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Sticking with soccer, the Whitecaps will have one player in the World Cup, and that will be Iran's Steven Beitashour.

Fortunately for him, his underdog squad won't be in anything resembling a Group of Death. Iran will be in Rio in Group F, where the bracket's biggest threat is the always-awesome Argentina and Lionel Messi. Other than that, their competition comes in the form of Boznia & Herzegovina and Nigeria.

So... congrats, Stevie.

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Best wishes to Canucks' defenceman (soon a free agent) Andrew Alberts in his recovery from an apparently extremely detrimental concussion, which the 32-year-old suffered last season, just 10 games in.

Alberts was elbowed in the head by Calgary enforcer Brian McGrattan and says he still can't get through a day without feeling the effects.

"I think there should have been some supplemental discipline," he said, in an interview with The Province. "If I'm Sidney Crosby, it's probably a 15-game suspension. The frustrating part is I'm working my ass off trying to be on the team and get in the lineup, something like that happens and the guy gets off free and now here I am just hoping I can have one day without headaches.

"I've kind of just let it go because there's no point in dwelling on what happened. I just want to get healthy again to the point where I'm not having issues and can just have a normal day around the house. That's where my focus is right now.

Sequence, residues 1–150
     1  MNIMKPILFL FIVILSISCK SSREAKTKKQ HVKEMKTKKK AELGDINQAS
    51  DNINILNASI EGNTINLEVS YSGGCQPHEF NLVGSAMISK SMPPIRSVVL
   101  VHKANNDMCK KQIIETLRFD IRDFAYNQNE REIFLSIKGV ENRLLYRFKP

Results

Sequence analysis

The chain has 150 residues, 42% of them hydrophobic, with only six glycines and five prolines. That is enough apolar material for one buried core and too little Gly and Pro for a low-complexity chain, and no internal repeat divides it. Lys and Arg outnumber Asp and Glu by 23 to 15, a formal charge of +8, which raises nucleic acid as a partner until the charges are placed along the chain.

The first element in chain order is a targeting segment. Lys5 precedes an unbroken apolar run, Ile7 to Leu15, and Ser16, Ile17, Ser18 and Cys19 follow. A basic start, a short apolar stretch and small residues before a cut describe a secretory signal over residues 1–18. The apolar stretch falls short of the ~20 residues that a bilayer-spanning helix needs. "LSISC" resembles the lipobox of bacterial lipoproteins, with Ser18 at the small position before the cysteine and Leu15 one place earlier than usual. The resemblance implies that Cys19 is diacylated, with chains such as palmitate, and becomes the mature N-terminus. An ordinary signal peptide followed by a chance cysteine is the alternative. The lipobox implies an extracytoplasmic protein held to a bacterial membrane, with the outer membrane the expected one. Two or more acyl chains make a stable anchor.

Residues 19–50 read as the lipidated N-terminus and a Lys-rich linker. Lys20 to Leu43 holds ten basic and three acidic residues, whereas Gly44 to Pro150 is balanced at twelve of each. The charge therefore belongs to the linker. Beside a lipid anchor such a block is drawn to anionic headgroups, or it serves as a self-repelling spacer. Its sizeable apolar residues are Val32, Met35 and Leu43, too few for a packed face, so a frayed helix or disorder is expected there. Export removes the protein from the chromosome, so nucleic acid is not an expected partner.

Alberts also said he think the injury could be career-ending. Could be...

"If I can't play hockey again, I can't play hockey again.. But I'd rather have my health and be able to be with my family and feel like myself. I tend to think about hockey quite a bit because you worry about what you'll do afterwards."

Truth is, Canucks fans were pretty hard on Alberts when he joined the team during its 2008-2012 heyday. He isn't the fastest from the backend and he didn't seem to fit with the rest of the team's offensively dynamic model.

But he has worked his ass off for Vancouver for years now – always showing up ready for training camp, ready to earn a spot, even though he's definitely heard the criticism.

He's a warrior. We often toss around that promotional phrase The Heart of a Canuck, and we tend to slap the faces of Ryan Kesler or Alex Burrows with the words, but Alberts has truly embodied that motto in his time with Vancouver.